Diagnostic overlap of depressive, anxiety, stress and somatoform disorders in primary care

Abdulbari Bener*, Mohammed Al-Kazaz, Darine Ftouni, Munjid Al-Harthy, Elnour E. Dafeeah

*Corresponding author for this work

Research output: Contribution to journalArticlepeer-review

36 Scopus citations

Abstract

Introduction: The aim of the present study was to determine the prevalence of somatization, anxiety, depression and stress in a primary care population, explore their association to psychosocial stressors and determine the diagnostic overlap of these four mental disorders. Methods: This is a prospective cross-sectional study. A representative sample of 2,150 patients was approached, of whom 1,762 patients agreed to participate and responded to the questionnaire (81.9%). Anxiety was assessed with the Generalized Anxiety Disorder Scale (GAD-7). Depression was assessed with the depression module Patients Health Questionnaire-8. Somatization was measured with the somatic symptom module PHQ-15. The Perceived Stress Scale (PSS) instrument was used to identify the stress cases. Results: Of the study sample, 23.8% of the total cases were identified as probable cases. The prevalence of somatization, depression, anxiety and stress was 11.7%, 11.3%, 8.3% and 18.6%, respectively. The specific gender prevalence of these four psychological disorders was very similar in men and women: depression (11.3% versus 11.3%), anxiety (7.7% versus 8.9%), somatization (12.5% versus 10.7%) and stress disorders (19.3% versus 17.8%). A significant difference was observed in nationality and marital status for depression and anxiety (P<0.05). The age-specific prevalence rate showed a higher prevalence in the age group 45-54 years: depression (13.3%), anxiety (9.5%), somatization (12.8%) and stress (20.4%). Unable to control worries (69.2%) was the worst symptom for anxiety disorders, while the majority of the depressed patients wanted to hurt themselves (71.9%). Stomach pain (46.1%) was the most common symptom in somatic patients. Most of the patients experiencing stress could not cope with their daily duties (65.9%). There was a high comorbidity rate of depression, anxiety, somatization and stress observed in the studied population (9.3%). Conclusion: The prevalence of somatization and depression was similar, but the prevalence of stress was higher in inpatient patients. Somatization, depression, anxiety and stress disorders co-occurred at higher rate in the study sample.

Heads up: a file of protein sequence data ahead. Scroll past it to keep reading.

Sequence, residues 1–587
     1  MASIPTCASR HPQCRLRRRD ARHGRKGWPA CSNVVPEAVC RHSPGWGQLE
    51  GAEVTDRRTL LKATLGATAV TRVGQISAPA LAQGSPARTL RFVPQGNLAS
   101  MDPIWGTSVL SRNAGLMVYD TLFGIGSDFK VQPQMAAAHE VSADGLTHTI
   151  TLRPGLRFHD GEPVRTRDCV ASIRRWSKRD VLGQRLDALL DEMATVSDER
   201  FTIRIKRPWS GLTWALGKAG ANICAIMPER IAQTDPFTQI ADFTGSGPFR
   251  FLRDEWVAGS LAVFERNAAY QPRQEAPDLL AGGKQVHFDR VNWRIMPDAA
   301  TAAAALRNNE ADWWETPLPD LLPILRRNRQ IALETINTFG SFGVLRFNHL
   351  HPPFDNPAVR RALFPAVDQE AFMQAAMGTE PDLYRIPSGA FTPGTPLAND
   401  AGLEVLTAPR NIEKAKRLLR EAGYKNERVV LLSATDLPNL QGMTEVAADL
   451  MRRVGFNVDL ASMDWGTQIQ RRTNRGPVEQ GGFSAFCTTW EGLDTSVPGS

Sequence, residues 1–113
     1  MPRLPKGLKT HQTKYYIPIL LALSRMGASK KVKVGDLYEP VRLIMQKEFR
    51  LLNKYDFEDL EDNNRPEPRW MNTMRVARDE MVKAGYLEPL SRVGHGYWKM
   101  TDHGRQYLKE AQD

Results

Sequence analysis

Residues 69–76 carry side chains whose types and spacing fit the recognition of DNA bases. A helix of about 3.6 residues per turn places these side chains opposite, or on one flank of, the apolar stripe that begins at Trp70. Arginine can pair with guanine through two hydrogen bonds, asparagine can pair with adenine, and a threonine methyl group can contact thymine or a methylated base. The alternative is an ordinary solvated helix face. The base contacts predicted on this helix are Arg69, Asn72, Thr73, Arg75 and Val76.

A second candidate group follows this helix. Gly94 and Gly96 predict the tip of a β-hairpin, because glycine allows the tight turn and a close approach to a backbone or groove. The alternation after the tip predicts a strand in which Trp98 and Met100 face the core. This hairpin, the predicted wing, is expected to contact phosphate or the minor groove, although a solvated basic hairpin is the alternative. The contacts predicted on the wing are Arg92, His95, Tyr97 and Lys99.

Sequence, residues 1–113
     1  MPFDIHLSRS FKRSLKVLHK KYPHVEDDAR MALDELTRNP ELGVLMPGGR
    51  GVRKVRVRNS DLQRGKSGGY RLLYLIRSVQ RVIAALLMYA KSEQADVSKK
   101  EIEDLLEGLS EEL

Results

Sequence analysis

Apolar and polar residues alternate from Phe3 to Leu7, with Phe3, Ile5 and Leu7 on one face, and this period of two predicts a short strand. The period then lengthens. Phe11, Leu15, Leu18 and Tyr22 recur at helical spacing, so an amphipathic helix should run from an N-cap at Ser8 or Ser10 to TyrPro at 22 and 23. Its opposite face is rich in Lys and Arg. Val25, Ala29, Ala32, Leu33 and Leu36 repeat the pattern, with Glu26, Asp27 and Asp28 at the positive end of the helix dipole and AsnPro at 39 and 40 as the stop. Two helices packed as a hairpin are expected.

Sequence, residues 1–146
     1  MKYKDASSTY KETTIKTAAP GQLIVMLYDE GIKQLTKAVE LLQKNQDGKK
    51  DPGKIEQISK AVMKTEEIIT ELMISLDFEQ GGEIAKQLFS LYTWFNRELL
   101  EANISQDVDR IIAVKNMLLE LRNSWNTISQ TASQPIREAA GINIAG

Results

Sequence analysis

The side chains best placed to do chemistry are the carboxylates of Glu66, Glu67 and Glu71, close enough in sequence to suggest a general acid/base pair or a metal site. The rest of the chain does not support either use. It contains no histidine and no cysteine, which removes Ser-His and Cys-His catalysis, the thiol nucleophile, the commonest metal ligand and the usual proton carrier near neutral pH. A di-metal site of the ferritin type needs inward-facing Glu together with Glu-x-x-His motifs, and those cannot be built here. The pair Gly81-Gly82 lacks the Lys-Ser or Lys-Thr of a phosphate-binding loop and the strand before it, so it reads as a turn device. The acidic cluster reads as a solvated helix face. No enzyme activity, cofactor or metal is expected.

Original languageEnglish (US)
Pages (from-to)E29-E38
JournalAsia-Pacific Psychiatry
Volume5
Issue number1
DOIs
StatePublished - Mar 2013
Externally publishedYes

Keywords

  • Anxiety
  • Arab population
  • Depression
  • Somatization
  • Stress

ASJC Scopus subject areas

  • Psychiatry and Mental health

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